BARNARD, Sir John (c.1685-1764), of Clapham, Surr.

Published in The History of Parliament: the House of Commons 1754-1790, ed. L. Namier, J. Brooke., 1964
Available from Boydell and Brewer



1722 - 1761

Family and Education

b. c.1685, s. of John Barnard, merchant, of London, by Sarah, da. of Robert Payne of Play Hatch, Sonning, Berks.1 educ. Wandsworth. m. 5 Oct. 1708, Jane, da. of John Godschall,2 a Turkey merchant, 1s. 2da. Kntd. 29 Sept. 1732.

Offices Held

Alderman, London 1728-58, sheriff 1735-6, ld. mayor 1737-8; president Christ’s Hospital 1740-58.


Of Quaker parentage, Barnard as a young man joined the Church of England. He entered his father’s business c.1700 and later became a prominent insurer at Lloyd’s, making a moderate fortune. Invited in 1722 to stand for the City in the popular Whig interest, he was for many years its unchallenged leader, and in 1754 still topped the poll in a hotly contested election. An extremely active independent, he was classed by Dupplin as ‘doubtful’; yet was consulted by Newcastle on financial matters,3 in which he enjoyed in many quarters a great reputation. In previous Parliaments a frequent speaker on economic subjects, he seems to have been much less prominent in that of 1754, only one speech of his—on a financial resolution—being recorded.4 His importance in the City also declined, Beckford taking his place as leader of its popular forces. In 1757 he played a prominent part in framing the unorthodox and unsuccessful method of raising the supplies adopted by H. B. Legge as chancellor of the Exchequer in the Devonshire-Pitt Administration.5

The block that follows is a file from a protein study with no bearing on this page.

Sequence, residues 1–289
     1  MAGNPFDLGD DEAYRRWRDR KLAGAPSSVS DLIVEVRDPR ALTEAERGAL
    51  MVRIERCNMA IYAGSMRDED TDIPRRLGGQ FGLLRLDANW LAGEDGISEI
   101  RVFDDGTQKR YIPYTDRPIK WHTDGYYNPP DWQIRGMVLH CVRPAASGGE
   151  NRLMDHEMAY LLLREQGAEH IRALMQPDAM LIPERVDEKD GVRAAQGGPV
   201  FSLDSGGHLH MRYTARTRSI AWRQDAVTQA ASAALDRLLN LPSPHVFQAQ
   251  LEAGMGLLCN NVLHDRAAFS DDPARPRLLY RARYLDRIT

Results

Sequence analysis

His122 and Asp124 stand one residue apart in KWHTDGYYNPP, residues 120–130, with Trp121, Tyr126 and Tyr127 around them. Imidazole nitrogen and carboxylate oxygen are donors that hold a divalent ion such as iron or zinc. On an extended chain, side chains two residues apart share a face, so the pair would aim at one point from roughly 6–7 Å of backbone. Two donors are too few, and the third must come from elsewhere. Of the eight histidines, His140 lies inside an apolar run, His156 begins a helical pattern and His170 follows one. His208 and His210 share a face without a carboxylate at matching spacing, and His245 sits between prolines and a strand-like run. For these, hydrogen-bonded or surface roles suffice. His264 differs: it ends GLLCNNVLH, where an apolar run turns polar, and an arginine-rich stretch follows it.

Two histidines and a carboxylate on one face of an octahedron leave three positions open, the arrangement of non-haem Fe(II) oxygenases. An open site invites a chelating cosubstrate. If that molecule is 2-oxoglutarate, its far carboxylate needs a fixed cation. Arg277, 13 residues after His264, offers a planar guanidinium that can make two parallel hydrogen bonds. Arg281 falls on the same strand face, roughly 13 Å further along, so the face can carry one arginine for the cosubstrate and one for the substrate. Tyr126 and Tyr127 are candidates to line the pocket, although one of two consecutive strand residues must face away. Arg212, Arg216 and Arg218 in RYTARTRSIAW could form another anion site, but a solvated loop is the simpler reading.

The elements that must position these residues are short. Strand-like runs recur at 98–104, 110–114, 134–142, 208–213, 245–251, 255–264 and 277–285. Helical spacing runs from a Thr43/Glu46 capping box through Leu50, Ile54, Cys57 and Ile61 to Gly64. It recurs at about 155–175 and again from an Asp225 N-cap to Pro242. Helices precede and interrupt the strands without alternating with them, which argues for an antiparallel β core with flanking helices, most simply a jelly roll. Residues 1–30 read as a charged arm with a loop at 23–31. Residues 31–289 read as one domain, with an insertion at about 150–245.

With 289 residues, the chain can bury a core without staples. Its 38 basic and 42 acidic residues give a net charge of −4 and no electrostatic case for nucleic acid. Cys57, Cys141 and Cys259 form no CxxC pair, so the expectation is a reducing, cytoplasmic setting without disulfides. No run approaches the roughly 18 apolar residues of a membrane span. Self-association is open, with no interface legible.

On grounds of health Barnard refused to stand again in 1761, and died 29 Aug. 1764.

Ref Volumes: 1754-1790

Author: Sir Lewis Namier


  • 1. Reg. Oxfordshire Quarterly Meeting, Berks. RO.
  • 2. Reg. St. Mary at Hill, London.
  • 3. Jas. West to Newcastle, 11 Feb. 1758, Add. 32877, f. 422.
  • 4. West to Newcastle, Add. 32861, f. 202.
  • 5. See L. S. Sutherland, ‘The City of London and the Devonshire-Pitt Administration, 1756-7’, Proc. Br. Acad. xlvi.